The Menhir at Beg er Goalennac near the Côte Sauvage – the Savage Coast – in Brittany is a favorite megalith of mine. It’s heart shaped, and sits on the coast facing west. It stands over eight feet tall.
Menhirs – Brittany’s Standing Stones
Menhir is the Breton name for standing stone. These monoliths in Brittany tend to be very tall and like other parts of Celtic Europe, they can be standing alone or in a cluster of other menhirs. They are believed to have been placed between four and seven thousand years ago, and northern France has over 1200 menhirs charted. Many of the pre-Christian megalithic structures in Brittany are believed to be much older than those in Ireland and the UK.
The purpose of these giants dotting the Breton landscape? No one knows for sure. Speculations are boundary identifiers, ritual sites, calendars, wayside markers. Some of the menhirs have prehistoric art carved into the sides. Some have been found near tombs or near human remains. Some stand as solitary markers on the moors and other (like Carnac with over 3000 stones) in endless lines.
The Beg er Goalnnac Menhir
The coastal road on the Quiberon Peninsula heading to the Côte Savage has awesome sea views on one side and rolling, grassy moorland on the other. As you draw nearer to Goalnnac you begin to see the occasional lone menhir set off by itself in the moorland opposite the coast. It’s almost as if they are waymarkers pointing to something. Eventually, the heart-shaped menhir – also known as the “bishop’s cap” appears in view. It’s so close to the road.
I See Hearts
I had Dan stop the car once we saw it so that I could get out for a closer look. I had only to walk a few feet as the menhir sits right on the road. I was immediately in tune with this thin place. When I feel that energy – that special draw, I always look for signs from the other side – a bird, a butterfly, a stone — something that says “there’s a connection here.” As I stepped out of the car, I noticed a discarded napkin in the shape of a heart. I laughed at myself thinking “I’m really reaching for it now – heart-shaped trash.” But I moved a few feet closer and saw another heart shape in the mud. I still thought I was wishing it to be so – but I snapped shots of these hearts with my cell phone. Then as I came into the shadow of this giant heart, I saw another heart stone in the sand. Three hearts in the space of twenty paces.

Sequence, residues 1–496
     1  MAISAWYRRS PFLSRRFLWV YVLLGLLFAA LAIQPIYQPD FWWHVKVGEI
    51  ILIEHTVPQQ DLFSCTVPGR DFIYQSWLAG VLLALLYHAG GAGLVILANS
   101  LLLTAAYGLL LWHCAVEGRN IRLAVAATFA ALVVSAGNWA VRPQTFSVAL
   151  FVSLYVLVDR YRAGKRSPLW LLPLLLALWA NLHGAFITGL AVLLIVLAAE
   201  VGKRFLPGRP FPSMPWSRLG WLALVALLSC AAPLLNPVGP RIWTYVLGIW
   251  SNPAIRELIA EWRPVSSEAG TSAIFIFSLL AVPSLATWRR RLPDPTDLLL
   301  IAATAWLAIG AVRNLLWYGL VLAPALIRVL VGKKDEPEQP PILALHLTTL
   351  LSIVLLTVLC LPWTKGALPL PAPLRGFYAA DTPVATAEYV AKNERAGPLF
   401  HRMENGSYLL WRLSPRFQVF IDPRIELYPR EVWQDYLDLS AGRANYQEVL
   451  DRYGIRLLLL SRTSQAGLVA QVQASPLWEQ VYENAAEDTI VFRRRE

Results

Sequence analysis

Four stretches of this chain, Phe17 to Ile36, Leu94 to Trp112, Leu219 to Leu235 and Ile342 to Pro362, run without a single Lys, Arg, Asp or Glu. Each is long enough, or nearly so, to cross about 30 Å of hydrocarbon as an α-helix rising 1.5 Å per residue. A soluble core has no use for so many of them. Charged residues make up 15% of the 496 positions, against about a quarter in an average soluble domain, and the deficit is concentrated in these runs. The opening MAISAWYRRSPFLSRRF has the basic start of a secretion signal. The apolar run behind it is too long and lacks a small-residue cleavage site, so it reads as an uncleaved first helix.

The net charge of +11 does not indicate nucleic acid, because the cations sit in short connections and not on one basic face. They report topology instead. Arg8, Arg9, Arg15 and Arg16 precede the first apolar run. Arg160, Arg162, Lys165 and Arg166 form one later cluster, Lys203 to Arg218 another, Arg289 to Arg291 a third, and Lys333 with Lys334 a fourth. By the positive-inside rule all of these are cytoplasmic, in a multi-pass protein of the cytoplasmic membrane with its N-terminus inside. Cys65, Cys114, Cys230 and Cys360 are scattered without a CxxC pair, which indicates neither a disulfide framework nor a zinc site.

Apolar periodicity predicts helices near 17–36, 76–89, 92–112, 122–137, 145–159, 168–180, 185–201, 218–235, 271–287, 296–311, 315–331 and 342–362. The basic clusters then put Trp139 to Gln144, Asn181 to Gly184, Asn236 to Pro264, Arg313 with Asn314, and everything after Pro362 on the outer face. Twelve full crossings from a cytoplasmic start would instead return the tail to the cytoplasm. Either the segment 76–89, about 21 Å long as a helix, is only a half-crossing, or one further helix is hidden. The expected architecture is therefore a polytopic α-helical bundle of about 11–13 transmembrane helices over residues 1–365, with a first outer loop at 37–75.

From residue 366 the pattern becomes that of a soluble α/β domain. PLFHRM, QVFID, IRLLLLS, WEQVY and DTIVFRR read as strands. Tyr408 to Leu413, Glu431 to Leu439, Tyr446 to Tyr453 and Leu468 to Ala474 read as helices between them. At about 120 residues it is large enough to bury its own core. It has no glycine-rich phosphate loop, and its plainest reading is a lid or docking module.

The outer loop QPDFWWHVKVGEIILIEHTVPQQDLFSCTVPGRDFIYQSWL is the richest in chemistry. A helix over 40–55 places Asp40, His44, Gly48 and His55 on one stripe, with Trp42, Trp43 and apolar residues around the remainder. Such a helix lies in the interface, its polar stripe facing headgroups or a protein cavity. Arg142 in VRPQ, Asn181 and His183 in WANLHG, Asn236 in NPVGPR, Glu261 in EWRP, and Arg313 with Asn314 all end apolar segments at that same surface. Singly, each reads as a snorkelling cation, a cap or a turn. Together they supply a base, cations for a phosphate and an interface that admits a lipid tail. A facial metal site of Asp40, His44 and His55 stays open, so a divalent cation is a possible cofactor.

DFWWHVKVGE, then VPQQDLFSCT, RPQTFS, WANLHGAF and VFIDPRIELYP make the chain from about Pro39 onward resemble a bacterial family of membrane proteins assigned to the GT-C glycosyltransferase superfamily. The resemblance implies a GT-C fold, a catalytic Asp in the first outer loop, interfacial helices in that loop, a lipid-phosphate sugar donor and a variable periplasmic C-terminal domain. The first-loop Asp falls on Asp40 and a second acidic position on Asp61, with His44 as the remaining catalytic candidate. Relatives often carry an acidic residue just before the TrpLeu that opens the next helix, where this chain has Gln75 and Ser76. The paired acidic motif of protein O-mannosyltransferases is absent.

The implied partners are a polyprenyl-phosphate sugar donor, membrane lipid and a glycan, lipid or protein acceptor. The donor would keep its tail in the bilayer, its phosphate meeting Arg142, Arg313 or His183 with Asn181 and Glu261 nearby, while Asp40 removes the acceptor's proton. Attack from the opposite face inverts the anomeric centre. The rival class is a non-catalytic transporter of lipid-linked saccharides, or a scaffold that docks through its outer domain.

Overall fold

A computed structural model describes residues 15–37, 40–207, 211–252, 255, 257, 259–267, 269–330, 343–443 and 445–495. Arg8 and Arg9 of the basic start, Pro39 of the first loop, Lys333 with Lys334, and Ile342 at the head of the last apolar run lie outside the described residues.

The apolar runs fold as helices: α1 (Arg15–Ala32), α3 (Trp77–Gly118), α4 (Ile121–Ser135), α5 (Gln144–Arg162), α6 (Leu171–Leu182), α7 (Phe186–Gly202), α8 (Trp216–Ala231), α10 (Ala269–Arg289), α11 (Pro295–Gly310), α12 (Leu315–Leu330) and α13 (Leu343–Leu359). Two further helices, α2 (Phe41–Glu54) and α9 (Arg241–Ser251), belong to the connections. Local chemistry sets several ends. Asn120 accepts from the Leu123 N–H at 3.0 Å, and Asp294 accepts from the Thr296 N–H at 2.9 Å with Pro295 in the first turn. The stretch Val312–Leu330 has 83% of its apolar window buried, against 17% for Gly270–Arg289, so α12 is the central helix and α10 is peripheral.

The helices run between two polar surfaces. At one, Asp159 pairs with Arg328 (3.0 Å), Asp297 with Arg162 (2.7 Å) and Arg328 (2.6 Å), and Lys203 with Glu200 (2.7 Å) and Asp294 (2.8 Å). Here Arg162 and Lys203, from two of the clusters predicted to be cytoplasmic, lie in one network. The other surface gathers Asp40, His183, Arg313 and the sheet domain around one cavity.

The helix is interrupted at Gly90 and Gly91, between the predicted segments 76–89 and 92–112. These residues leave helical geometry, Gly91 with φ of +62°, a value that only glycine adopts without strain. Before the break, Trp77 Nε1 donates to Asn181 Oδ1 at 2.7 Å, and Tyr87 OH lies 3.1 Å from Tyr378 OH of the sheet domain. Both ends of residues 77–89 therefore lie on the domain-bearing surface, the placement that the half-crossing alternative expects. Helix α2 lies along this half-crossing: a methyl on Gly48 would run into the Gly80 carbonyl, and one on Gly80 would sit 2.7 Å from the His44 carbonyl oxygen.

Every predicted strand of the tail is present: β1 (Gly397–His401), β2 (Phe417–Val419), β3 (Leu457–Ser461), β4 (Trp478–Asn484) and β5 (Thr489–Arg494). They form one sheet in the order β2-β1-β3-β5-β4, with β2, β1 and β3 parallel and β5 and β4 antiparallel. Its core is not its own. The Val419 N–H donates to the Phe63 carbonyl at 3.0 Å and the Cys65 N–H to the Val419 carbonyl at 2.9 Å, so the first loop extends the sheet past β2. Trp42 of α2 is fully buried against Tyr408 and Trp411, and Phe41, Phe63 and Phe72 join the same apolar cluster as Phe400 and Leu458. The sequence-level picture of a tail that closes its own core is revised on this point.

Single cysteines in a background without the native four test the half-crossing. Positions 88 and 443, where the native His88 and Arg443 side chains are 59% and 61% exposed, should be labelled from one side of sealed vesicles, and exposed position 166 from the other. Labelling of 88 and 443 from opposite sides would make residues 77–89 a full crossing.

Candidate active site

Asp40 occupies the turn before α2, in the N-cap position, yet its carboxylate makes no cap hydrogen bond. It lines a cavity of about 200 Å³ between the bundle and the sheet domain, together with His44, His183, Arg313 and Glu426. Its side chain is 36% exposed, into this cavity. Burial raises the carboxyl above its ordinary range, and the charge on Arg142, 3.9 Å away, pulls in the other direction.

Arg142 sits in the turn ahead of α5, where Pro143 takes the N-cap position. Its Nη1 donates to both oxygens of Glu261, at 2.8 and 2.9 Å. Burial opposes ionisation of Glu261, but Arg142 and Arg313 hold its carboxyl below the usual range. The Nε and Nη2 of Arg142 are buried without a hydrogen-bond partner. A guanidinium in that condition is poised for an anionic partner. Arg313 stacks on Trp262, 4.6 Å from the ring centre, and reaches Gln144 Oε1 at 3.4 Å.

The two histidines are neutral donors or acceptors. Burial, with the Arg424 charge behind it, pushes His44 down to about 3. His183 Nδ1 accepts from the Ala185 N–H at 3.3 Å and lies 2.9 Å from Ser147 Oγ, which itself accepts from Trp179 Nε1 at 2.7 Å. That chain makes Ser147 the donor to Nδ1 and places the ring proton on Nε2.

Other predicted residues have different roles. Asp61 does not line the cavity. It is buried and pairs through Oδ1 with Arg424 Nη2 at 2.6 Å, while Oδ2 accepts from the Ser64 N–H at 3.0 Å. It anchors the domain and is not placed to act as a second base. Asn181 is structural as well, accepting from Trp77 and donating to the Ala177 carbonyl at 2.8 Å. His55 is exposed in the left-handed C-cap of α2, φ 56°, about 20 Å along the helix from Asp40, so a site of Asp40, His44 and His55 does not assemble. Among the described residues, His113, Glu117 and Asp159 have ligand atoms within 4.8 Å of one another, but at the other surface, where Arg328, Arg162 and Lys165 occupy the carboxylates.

I can’t describe the sense of standing in the shadow of this stone – tuned in to its energy with the sea on one side and Brittany on the other. But as I stood there – in the moment, I tried to absorb all that I could, so that I could remember. Dan joined me and we sat for awhile. He felt it too. The amazing pull into a higher self.
On the opposite side of the road is a cafe, and on the south side of the building is another menhir- this one larger than the heart, standing about nine feet. Next to it is a piece that has broken off its top, which would have made this menhir originally stand at about sixteen feet tall. It’s likely that the heart-shaped menhir developed its “heart” shape due to breakage as well. So these two were a pair – two jewels standing together as they’ve stood for thousands of years – the final two menhirs in a coastal line leading into the sea…. as many of them seem to do
This trip to Brittany was our anniversary trip. And we shared a moment of blessing in the shadow of these two old stones.
As Dan and I turned to leave the big heart, I wished I had one little memento of this spot. I looked down and sure enough – I saw a perfect little heart shaped stone at my feet. A gift.
This little gallery shows our drive down the coast road to the Côte Sauvage – the lone menhir in the field, the little heart signs I found on the walk up to the heart-shaped menhir, and the 2nd menhir across the road — these two jewels. A thin place.